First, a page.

Xamarin Acquisition Amplifies Microsoft's Comprehensive Mobile Development Strategy

Today Microsoft announced that it is acquiring Xamarin. Terms were not disclosed. Our lead mobile app dev analyst Mike Facemire was on a plane somewhere near Buffalo at the time of the announcement, so I've posted the team's combined thoughts here. Our take: This move makes Microsoft a must-consider option throughout the stack when it comes to mobile development. For those not familiar with Xamarin, here’s what Microsoft is getting:

  • Cross-platform native mobile app development, in C#. Xamarin’s origins include Mono (remember that?), and it represents the expansion of the .Net runtime to other platforms, including iOS and Android. Developers write C# code that will be natively compiled to these devices, which runs at similar speed as apps written in Objective-C, Swift, or Java.  

  • Automated acceptance testing for mobile apps. Xamarin develops and maintains the Calabash open source project for mobile acceptance testing. We’ve seen growing popularity of Calabash amongst enterprise mobile dev teams, especially Global SIs, like those we reviewed in last year's Enterprise Mobile App Services Forrester Waves.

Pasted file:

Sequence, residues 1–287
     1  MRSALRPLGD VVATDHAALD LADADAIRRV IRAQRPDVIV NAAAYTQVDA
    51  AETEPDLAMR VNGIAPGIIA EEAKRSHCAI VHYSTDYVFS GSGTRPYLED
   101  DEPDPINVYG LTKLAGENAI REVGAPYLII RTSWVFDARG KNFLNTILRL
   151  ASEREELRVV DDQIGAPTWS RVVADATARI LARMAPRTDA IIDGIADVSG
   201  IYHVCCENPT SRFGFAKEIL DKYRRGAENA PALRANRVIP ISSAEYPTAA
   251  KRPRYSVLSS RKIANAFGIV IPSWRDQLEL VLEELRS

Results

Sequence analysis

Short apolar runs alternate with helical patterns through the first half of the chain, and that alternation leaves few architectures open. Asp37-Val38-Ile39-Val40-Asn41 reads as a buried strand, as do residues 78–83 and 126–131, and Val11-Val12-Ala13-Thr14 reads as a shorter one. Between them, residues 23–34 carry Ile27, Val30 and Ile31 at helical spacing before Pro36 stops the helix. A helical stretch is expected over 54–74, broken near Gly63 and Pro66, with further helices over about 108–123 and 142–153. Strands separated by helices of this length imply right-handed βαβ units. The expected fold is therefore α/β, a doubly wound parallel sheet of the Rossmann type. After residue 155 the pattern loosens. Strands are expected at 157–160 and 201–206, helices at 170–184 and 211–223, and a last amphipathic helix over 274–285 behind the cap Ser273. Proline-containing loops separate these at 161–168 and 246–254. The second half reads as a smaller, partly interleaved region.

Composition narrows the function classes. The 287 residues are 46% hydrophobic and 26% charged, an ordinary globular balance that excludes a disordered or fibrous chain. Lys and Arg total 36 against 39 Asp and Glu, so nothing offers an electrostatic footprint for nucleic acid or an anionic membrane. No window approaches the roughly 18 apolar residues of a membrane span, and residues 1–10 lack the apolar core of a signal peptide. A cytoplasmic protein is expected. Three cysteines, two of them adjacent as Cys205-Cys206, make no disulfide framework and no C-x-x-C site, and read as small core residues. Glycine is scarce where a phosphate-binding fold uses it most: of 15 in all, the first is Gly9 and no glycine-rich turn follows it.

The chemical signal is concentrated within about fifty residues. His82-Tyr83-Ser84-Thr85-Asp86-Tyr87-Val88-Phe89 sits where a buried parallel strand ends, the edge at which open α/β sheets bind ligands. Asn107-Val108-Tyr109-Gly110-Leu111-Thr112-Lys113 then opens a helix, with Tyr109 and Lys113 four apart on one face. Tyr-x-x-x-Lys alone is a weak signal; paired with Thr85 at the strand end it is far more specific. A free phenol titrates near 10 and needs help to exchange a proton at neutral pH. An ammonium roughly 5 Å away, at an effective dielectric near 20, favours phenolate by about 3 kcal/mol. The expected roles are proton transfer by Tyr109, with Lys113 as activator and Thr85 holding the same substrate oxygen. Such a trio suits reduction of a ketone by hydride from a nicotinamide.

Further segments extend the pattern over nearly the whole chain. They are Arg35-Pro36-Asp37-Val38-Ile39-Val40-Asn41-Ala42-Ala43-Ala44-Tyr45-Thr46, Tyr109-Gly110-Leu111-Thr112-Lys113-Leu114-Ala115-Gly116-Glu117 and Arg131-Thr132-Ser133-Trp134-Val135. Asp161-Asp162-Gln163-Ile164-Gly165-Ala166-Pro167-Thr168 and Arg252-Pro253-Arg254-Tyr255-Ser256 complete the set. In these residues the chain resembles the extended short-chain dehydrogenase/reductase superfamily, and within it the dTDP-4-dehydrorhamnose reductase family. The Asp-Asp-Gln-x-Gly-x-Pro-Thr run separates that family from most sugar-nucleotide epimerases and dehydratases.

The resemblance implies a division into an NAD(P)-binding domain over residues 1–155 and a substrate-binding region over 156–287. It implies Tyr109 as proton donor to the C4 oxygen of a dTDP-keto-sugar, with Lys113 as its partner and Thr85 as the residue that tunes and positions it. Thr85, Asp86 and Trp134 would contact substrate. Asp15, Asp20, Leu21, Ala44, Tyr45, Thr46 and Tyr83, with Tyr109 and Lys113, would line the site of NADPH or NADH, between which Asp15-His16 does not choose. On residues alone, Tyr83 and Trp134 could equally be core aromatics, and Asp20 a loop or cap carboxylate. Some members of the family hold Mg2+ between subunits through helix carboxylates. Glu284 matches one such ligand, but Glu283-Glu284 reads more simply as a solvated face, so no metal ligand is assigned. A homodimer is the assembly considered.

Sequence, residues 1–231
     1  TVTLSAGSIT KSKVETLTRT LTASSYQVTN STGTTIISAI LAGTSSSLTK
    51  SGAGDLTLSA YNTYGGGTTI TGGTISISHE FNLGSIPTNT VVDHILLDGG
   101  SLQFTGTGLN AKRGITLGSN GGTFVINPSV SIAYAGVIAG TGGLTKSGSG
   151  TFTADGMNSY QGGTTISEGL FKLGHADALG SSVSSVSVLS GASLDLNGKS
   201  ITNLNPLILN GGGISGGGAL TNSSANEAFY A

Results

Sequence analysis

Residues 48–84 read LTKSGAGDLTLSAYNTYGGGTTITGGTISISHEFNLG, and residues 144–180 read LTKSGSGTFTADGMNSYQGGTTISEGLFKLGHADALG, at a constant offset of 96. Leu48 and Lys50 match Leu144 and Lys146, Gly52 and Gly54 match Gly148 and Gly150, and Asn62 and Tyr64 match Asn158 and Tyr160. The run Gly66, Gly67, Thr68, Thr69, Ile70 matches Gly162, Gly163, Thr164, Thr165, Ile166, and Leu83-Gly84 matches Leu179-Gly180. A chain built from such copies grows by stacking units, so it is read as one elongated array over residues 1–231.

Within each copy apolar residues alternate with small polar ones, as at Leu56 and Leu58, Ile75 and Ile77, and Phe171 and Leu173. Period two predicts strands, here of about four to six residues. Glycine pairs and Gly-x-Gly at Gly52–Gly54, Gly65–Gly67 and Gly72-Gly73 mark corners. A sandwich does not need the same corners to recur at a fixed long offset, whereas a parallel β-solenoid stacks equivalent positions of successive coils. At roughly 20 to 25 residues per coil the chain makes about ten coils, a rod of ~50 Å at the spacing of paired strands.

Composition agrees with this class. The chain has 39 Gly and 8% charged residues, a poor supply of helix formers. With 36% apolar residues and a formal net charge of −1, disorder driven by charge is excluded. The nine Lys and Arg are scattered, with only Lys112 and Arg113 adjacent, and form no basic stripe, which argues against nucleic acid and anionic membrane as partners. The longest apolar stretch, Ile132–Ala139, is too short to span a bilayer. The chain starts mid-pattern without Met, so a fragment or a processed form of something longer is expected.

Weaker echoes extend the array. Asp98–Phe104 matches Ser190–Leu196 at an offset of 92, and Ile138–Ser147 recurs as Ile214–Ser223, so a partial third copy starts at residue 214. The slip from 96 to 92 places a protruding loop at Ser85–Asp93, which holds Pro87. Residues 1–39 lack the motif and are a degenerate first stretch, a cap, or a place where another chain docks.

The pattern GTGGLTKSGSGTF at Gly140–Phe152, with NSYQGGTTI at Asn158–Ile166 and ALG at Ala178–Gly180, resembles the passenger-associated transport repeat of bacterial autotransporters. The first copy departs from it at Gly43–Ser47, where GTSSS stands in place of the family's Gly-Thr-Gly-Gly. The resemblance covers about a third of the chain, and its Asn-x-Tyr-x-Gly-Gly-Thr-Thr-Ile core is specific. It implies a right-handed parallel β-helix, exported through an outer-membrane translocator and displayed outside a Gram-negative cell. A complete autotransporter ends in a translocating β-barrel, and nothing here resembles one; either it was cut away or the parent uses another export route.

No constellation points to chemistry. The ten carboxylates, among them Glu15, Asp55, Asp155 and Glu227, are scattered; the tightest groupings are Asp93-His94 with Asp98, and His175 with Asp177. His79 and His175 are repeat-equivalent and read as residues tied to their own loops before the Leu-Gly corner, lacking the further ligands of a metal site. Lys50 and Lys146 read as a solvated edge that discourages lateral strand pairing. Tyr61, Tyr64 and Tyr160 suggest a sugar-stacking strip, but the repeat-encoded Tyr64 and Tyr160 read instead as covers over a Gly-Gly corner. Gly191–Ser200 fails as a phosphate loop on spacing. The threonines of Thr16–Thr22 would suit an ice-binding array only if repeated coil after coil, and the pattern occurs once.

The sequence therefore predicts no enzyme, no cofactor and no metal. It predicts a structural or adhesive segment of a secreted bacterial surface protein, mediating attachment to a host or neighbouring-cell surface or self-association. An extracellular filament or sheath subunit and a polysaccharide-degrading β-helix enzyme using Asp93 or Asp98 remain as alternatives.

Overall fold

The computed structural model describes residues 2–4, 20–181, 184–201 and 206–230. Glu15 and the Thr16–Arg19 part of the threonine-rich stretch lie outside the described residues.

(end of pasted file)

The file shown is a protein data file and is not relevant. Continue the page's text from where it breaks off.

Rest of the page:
• A device cloud for system and performance testing. The Xamarin Test Cloud automates app testing on more than 2000 real devices in the cloud. We expect to see this service folded into Azure in short order, with a low cost on-demand model to compete with Amazon Device Farm, Google Cloud Test Lab, and PerfectoMobile.

  • On device analytics to measure mobile apps. Measuring apps is just as important as building them. While the importance of analytic instrumentation is still a work in progress for many enterprise developers, experienced mobile devs get it. Xamarin Insights provides a basic working set of technical and engagement level measures for mobile app dev teams.